Using intervention mapping to design, implement and evaluate an executive function training intervention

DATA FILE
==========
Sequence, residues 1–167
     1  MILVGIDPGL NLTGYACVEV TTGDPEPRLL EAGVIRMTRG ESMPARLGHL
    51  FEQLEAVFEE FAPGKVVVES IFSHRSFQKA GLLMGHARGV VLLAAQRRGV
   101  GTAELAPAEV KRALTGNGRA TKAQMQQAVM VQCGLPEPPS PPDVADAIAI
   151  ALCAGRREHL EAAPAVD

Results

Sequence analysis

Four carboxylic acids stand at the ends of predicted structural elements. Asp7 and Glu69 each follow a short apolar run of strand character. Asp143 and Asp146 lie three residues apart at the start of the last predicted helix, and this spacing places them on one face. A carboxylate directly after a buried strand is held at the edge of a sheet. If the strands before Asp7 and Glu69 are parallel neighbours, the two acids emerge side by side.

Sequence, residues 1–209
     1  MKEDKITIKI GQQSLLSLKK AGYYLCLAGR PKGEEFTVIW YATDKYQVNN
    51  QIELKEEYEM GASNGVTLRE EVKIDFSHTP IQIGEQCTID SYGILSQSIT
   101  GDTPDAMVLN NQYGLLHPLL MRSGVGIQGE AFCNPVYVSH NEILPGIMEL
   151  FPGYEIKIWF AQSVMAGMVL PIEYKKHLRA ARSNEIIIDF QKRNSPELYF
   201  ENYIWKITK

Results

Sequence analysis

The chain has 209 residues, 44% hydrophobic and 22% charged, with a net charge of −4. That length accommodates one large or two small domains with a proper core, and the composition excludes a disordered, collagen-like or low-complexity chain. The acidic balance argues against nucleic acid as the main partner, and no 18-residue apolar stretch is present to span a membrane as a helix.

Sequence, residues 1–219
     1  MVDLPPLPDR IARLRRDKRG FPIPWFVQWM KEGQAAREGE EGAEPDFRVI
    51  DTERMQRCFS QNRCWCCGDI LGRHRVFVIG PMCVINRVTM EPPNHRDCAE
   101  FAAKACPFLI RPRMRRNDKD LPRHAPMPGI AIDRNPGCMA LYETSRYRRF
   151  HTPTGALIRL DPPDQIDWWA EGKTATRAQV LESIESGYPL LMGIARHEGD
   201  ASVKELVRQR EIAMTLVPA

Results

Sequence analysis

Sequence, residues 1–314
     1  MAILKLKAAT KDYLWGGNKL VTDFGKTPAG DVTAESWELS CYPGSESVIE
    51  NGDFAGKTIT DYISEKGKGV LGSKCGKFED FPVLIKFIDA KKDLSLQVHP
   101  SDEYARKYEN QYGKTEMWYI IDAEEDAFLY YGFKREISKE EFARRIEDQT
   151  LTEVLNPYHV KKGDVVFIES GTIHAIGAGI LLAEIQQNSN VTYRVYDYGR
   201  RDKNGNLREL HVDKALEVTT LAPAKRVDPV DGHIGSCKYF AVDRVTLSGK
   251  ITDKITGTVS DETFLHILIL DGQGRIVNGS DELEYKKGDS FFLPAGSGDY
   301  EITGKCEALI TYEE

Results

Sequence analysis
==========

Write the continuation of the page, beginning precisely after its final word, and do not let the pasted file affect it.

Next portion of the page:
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Introduction: Healthy eating behaviors, such as minimizing dietary fat intake, reduce the risk of numerous negative health consequences including obesity. Currently, very few interventions designed to reduce unhealthy eating are effective. Higher order cognitive process referred to as executive functions, have been proposed to influence the adoption and maintenance of healthy eating behaviors. A multi-method approach based on the Intervention Mapping Protocol was used to design, implement and evaluate an executive function training intervention to reduce unhealthy eating behavior. Methods: Qualitative interviews were conducted to assess the needs of the target population and establish the factors involved in the maintenance of healthy eating behavior. Subsequently, a cross-sectional study was conducted to test whether the factors deemed important were associated with eating behavior. A meta-analysis of current executive function and eating behavior interventions was conducted to identify effective components of existing interventions. An intervention was then designed based on these results and implemented in an undergraduate sample (N = 82) and evaluated. Finally, the intervention was replicated in a community sample (N = 78) and the acceptability and feasibility of the intervention was assessed. Results: The intervention led to a reduction in body mass index, which was mediated by changes in vulnerability to ego-depletion. These results were only partially replicated, and did not persist over time. Participants found the intervention to be highly acceptable. Conclusions: These findings provide an example of an intervention designed and evaluated using intervention mapping and highlight the importance of careful theory-based intervention planning for health promotion.
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